1975

Mexico

Mexico

Mexico

Mexico

Mexico

February 1, 1975
February 1975
Book Review

Mexico
To understand Mexico, an outsider should put aside his images of cactus and sombreros and even of Oscar Lewis’ Children of Sanchez for a while, and take an evening stroll down Avenida Revolucion or Avenida Insurgentes, or the ancient streets behind the Zocalo, or any of the other frenetic shopping areas of Mexico City. While the snarled and sometimes decrepit cars honk incessantly and puff out black fumes in the streets, the laborers and clerks of the city rush from shop to shop for after-work purchases, perhaps cheap bread, cheap shoes, expensive jeans. Families join for the excursion, mothers carrying blanketed infants, fathers tugging moonfaced children. The crowds are colored gaily by the neon storefronts that occasionally obscure the delightful porfirian or baroque architecture of old buildings. The shoppers wear hip-length sweaters or rebozos or windbreakers. Many wear clothes that are old but rarely tattered, neat and functional but rarely fashionable. By American standards, they are a poor people. Yet it is a poverty with which an American can sympathize, even if he has not experienced it. By all measures, Mexico is a developing country of the Third World, but Mexico City does not have the exotic and incredible, pervasive poverty of Calcutta, with its thousands of human wretches hunting for a piece of sidewalk on which to sleep. Nor does it have the poverty of the African Sahel, with its stick-boned, starving old people and little children. These are miseries so terrible that they blunt the senses and elude the imagination of most Americans. But this is not so in Mexico...

Cuba

Cuba

Cuba

Cuba

Cuba

September 1, 1975
September 1975
Book Review

Cuba
As another American and I walked down La Rampa, a street in Havana, three little schoolgirls dressed in blue uniforms called out to us. “Tovarich, ” they said, using the Russian word for “comrade.” I approached one of the Cuban girls, a dark-skinned child of about ten. “Do you think we are Russian?” I asked her in Spanish. She nodded, grinning, her eyes shining in good fun. “But we’re not Russian," I told her. “We’re Americans.” The grin vanished. Her head pulled back. She frowned and tightened her eyes in fright. She was sorry that she had ever called out “tovarich.” It is not a pleasant feeling to frighten a child, but it is a feeling that an American ought to experience, or at least understand, before trying to analyze Cuba and the future of its relations with the United States. Relations will probably get better. Fidel Castro has sent out clear signals that he wants some kind of accommodation. In fact. I was in Cuba only because the Cubans need new channels for those signals...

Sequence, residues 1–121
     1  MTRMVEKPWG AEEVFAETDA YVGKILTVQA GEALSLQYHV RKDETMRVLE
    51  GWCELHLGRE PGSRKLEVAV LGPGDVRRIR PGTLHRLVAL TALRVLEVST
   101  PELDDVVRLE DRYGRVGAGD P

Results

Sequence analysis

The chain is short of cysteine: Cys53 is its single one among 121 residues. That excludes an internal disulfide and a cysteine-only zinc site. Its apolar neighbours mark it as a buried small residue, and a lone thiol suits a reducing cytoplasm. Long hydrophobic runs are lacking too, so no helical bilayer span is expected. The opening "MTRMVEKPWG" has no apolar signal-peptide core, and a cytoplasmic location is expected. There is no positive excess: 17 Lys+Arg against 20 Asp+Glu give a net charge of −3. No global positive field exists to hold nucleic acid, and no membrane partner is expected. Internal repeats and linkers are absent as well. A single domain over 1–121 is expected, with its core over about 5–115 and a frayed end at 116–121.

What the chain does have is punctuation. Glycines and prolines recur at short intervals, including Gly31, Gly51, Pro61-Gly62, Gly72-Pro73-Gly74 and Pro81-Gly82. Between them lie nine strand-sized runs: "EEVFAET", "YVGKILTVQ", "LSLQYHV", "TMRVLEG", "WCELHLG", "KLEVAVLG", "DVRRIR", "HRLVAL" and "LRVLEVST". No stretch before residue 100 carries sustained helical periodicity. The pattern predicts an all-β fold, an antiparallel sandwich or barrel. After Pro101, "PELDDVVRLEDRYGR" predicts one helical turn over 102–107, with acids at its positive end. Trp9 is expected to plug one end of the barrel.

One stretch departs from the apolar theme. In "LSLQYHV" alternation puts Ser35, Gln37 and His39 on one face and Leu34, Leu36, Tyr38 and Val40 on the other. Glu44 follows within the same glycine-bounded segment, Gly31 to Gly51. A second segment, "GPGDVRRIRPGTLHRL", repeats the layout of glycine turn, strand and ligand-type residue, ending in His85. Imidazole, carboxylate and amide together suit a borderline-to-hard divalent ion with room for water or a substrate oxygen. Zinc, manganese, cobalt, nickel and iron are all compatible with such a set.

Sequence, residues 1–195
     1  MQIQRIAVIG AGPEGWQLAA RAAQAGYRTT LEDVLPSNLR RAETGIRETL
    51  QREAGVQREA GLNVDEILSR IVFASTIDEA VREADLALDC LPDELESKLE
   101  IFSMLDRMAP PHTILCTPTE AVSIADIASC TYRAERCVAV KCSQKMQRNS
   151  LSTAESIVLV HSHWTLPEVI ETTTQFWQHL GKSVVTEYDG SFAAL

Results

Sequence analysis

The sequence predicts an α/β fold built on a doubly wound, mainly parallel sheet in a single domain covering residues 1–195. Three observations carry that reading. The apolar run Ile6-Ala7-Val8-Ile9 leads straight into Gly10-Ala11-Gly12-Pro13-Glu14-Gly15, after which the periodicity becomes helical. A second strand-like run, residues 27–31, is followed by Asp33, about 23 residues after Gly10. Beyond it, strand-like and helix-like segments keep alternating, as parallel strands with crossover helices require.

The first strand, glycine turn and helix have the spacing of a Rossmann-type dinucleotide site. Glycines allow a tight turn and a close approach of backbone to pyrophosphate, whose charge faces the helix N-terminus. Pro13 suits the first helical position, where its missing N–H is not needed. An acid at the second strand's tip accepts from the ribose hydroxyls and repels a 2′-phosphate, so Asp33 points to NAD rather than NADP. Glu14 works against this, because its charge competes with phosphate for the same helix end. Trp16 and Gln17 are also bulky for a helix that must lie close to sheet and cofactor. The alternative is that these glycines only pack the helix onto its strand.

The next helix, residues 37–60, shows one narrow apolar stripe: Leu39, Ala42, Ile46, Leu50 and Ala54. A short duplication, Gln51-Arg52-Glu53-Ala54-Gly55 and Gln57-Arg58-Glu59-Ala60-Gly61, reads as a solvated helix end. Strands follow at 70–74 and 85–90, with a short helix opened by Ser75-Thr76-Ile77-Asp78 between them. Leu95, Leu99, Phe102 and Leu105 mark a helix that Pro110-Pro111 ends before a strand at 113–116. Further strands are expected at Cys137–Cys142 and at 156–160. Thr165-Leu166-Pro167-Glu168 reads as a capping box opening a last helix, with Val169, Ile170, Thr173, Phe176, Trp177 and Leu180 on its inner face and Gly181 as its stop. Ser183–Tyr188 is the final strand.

Spain in Mexico - Still Loyal to the Loyalists

Spain in Mexico - Still Loyal to the Loyalists

Spain in Mexico - Still Loyal to the Loyalists

Spain in Mexico - Still Loyal to the Loyalists

Spain in Mexico - Still Loyal to the Loyalists

November 15, 1975
November 1975
Book Review

Spain in Mexico - Still Loyal to the Loyalists
Reports on Mexican President Luis Echeverria Alvarez's reaction to Spain's Generalisimo Francisco Franco's execution of five revolutionaries in Spain in September 1975. Echeverria's description of the Spanish dictatorship; Call to the United Nations Security Council to expel Spain from the U.N.; Destruction of Echeverria's campaign to succeed Kurt Waldheim as Secretary General in 1976.

Jamaica

Jamaica

Jamaica

Jamaica

Jamaica

December 1, 1975
December 1975
Book Review

Jamaica
The most desperate people on the Caribbean island of Jamaica grow their hair in fierce, matted locks, smoke marihuana much of the day, and dream of salvation in Africa. They call themselves Rastafarians. Their response to poverty and rejection is a strange one, but it helps the government. For the poor are not clamoring in the streets; they are sedated in the alleyways. This gives Jamaica time. Prime Minister Michael Manley is trying to use that time to turn Jamaica socialist. Manley’s socialism, however, is rather idiosyncratic. A Marxist would barely recognize it. Manley’s government has defined socialism as “the Christian way of life in action.” A popular singer, Max Romeo, has composed a song that amplifies the definition for Jamaicans: "Socialism is love for your brothers. Socialism is linking hearts and hands. Would you believe it? Poverty and hunger is what we’re fighting. Socialism is sharing with your sister. Socialism is pulling people together. Would you believe it? Love and togetherness — that's what it means." Jamaican socialism is obviously mild stuff. Yet Manley is being attacked bitterly for it. Businessmen are in panic. American diplomats and investors are fretting. One rightist group has condemned Manley’s “recent speeches about socialism being Christianity” as “blasphemous and cheap politics.” The great problem for Manley, however, is that his socialism may be too mild in the long run to relieve Jamaica’s desperation...